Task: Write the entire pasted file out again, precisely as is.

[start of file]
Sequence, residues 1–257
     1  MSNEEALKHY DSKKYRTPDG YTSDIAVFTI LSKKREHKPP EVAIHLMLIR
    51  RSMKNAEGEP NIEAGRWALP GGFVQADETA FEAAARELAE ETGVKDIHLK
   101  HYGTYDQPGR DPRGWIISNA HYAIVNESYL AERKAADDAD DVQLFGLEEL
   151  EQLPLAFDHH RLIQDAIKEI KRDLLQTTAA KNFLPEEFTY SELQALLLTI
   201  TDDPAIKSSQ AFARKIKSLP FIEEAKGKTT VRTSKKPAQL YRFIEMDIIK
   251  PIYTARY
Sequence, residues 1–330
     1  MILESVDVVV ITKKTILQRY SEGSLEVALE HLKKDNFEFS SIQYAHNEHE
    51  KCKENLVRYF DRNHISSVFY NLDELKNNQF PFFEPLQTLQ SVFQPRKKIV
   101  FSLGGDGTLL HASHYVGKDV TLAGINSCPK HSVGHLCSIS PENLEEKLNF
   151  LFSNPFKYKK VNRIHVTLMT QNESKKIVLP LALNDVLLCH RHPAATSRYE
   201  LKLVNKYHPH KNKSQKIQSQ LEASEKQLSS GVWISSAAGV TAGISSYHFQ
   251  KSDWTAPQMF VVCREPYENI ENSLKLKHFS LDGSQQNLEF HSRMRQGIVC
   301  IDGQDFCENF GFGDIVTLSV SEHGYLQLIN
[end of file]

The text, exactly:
Sequence, residues 1–257
     1  MSNEEALKHY DSKKYRTPDG YTSDIAVFTI LSKKREHKPP EVAIHLMLIR
    51  RSMKNAEGEP NIEAGRWALP GGFVQADETA FEAAARELAE ETGVKDIHLK
   101  HYGTYDQPGR DPRGWIISNA HYAIVNESYL AERKAADDAD DVQLFGLEEL
   151  EQLPLAFDHH RLIQDAIKEI KRDLLQTTAA KNFLPEEFTY SELQALLLTI
   201  TDDPAIKSSQ AFARKIKSLP FIEEAKGKTT VRTSKKPAQL YRFIEMDIIK
   251  PIYTARY
Sequence, residues 1–330
     1  MILESVDVVV ITKKTILQRY SEGSLEVALE HLKKDNFEFS SIQYAHNEHE
    51  KCKENLVRYF DRNHISSVFY NLDELKNNQF PFFEPLQTLQ SVFQPRKKIV
   101  FSLGGDGTLL HASHYVGKDV TLAGINSCPK HSVGHLCSIS PENLEEKLNF
   151  LFSNPFKYKK VNRIHVTLMT QNESKKIVLP LALNDVLLCH RHPAATSRYE
   201  LKLVNKYHPH KNKSQKIQSQ LEASEKQLSS GVWISSAAGV TAGISSYHFQ
   251  KSDWTAPQMF VVCREPYENI ENSLKLKHFS LDGSQQNLEF HSRMRQGIVC
   301  IDGQDFCENF GFGDIVTLSV SEHGYLQLIN